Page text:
An Algorithm for Reducing Variation
41
42 HOW TO USE THE ALGORITHM EFFECTIVELY
45
Obtaining Process Knowledge Empirically
51
51 QUESTION PLAN DATA ANALYSIS AND CONCLUSION QPDAC FRAMEWORK
52
52 EXAMPLES
58
Getting Started
67
Defining a Focused Problem
69
62 THE PROBLEM BASELINE
73
63 PLANNING AND CONDUCTING THE BASELINE INVESTIGATION
76
64 EXAMPLES
81
65 COMPLETING THE DEFINE FOCUSED PROBLEM STAGE
86
Checking the Measurement System
89
71 THE MEASUREMENT SYSTEM AND ITS ATTRIBUTES
90
72 ESTIMATING MEASUREMENT VARIATION
92
73 ESTIMATING MEASUREMENT BIAS
98
74 IMPROVING A MEASUREMENT SYSTEM
101
75 COMPLETING THE CHECK THE MEASUREMENT SYSTEM STAGE
102
Choosing a Working Variation Reduction Approach
105
81 CAN WE FIND A DOMINANT CAUSE OF VARIATION?
106
82 CAN WE MEET THE GOAL BY SHIFTING THE PROCESS CENTER WITHOUT REDUCING VARIATION?
108
83 CAN WE REDUCE VARIATION BY CHANGING ONE OR MORE FIXED INPUTS WITHOUT KNOWLEDGE OF A DOMINANT CAUSE?
110
84 DOES THE PROCESS OUTPUT EXHIBIT A STRONG PATTERN OVER TIME?
112
85 SUMMARY
113
Finding a Dominant Cause of Variation
115
Finding a Dominant Cause Using the Method of Elimination
117
91 FAMILIES OF CAUSES OF VARIATION
118
92 FINDING A DOMINANT CAUSE USING THE METHOD OF ELIMINATION
121
113 COMPARING COMPONENT FAMILIES
167
Investigations Based on Single Causes
179
122 INVESTIGATING THE RELATIONSHIP BETWEEN INPUTS AND A CONTINUOUS OUTPUT
183
Verifying a Dominant Cause
193
131 VERIFYING A SINGLE SUSPECT DOMINANT CAUSE
194
132 ISSUES WITH SINGLE SUSPECT VERIFICATION EXPERIMENTS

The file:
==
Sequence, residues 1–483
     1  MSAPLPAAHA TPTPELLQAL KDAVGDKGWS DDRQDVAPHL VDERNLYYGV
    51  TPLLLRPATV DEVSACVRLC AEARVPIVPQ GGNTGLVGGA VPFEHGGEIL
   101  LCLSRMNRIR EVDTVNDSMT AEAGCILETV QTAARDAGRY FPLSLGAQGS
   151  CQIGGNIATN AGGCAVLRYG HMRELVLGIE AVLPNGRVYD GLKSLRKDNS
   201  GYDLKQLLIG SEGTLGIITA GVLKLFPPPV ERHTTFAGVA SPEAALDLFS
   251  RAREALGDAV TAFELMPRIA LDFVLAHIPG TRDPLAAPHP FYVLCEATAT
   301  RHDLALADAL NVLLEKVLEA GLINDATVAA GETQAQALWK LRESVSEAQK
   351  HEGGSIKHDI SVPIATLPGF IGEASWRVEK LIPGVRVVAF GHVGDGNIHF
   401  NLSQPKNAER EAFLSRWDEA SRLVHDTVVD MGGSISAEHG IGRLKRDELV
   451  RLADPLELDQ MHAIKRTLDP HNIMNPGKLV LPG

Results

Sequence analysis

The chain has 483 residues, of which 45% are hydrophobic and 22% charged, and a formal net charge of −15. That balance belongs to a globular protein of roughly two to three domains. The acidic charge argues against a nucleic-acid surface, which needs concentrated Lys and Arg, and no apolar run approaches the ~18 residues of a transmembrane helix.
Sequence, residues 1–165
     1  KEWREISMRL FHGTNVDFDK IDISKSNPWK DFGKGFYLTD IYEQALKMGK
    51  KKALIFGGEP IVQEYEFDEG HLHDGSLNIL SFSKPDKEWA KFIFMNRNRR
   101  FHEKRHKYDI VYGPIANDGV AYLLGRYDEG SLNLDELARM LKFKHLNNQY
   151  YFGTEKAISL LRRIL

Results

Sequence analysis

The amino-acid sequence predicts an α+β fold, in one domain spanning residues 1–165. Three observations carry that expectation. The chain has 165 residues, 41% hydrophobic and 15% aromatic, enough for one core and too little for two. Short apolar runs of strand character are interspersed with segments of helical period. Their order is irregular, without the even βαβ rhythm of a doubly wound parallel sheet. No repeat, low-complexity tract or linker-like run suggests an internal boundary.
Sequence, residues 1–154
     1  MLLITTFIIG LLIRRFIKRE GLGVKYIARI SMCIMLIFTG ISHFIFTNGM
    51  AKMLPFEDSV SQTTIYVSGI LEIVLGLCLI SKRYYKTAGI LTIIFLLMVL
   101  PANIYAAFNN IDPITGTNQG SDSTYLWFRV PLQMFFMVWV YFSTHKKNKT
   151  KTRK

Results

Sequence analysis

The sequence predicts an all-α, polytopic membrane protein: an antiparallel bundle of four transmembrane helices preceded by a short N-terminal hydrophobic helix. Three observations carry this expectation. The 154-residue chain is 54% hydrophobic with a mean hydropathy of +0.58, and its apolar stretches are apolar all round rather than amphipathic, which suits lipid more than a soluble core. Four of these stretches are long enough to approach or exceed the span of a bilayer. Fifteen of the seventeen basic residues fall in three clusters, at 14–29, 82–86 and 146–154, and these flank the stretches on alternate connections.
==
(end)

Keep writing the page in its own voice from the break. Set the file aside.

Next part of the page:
197
133 VERIFYING A DOMINANT CAUSE FROM A SHORT LIST OF SUSPECTS
200
134 FURTHER ISSUES AND COMMENTS
205
Assessing Feasibility and Implementing a Variation Reduction Approach
211
Revisiting the Choice of Variation Reduction Approach
213
IMPLEMENTING AN AVAILABLE SOLUTION
214
142 COMPENSATING FOR VARIATION IN THE DOMINANT CAUSE
217
143 REFORMULATING THE PROBLEM IN TERMS OF A DOMINANT CAUSE
219
144 CONTINUING THE SEARCH FOR A MORE SPECIFIC DOMINANT CAUSE
223
145 DEALING WITH DOMINANT CAUSES THAT INVOLVE TWO INPUTS
225
Moving the Process Center
227
151 EXAMPLES OF MOVING THE PROCESS CENTER
228
152 ASSESSING AND PLANNING A PROCESS CENTER ADJUSTMENT
238
Desensitizing a Process to Variation in a Dominant Cause
241
161 EXAMPLES OF DESENSITIZATION
242
162 ASSESSING AND PLANNING PROCESS DESENSITIZATION
255
Feedforward Control Based on a Dominant Cause
259
171 EXAMPLES OF FEEDFORWARD CONTROL
260
172 ASSESSING AND PLANNING FEEDFORWARD CONTROL
266
Feedback Control
269
181 EXAMPLES OF FEEDBACK CONTROL
270
182 ASSESSING AND PLANNING FEEDBACK CONTROL
280
Making a Process Robust
285
191 EXAMPLES OF PROCESS ROBUSTNESS
286
192 ASSESSING AND PLANNING PROCESS ROBUSTNESS
297
100 Inspection
301
201 EXAMPLES OF 100 INSPECTION
302
202 ASSESSING AND PLANNING 100 INSPECTION
304
Validating a Solution and Holding the Gains
307
212 HOLDING THE GAINS OVER THE LONG TERM
310
213 COMPLETING THE IMPLEMENT AND VALIDATE STAGE
312
References
313
Index
319